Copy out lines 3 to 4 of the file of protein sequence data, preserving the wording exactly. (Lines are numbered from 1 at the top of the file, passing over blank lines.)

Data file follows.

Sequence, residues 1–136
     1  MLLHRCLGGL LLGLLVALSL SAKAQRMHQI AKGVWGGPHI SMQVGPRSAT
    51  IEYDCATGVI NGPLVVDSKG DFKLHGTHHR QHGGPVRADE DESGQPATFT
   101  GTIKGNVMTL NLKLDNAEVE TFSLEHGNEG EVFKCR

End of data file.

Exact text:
    51  IEYDCATGVI NGPLVVDSKG DFKLHGTHHR QHGGPVRADE DESGQPATFT
   101  GTIKGNVMTL NLKLDNAEVE TFSLEHGNEG EVFKCR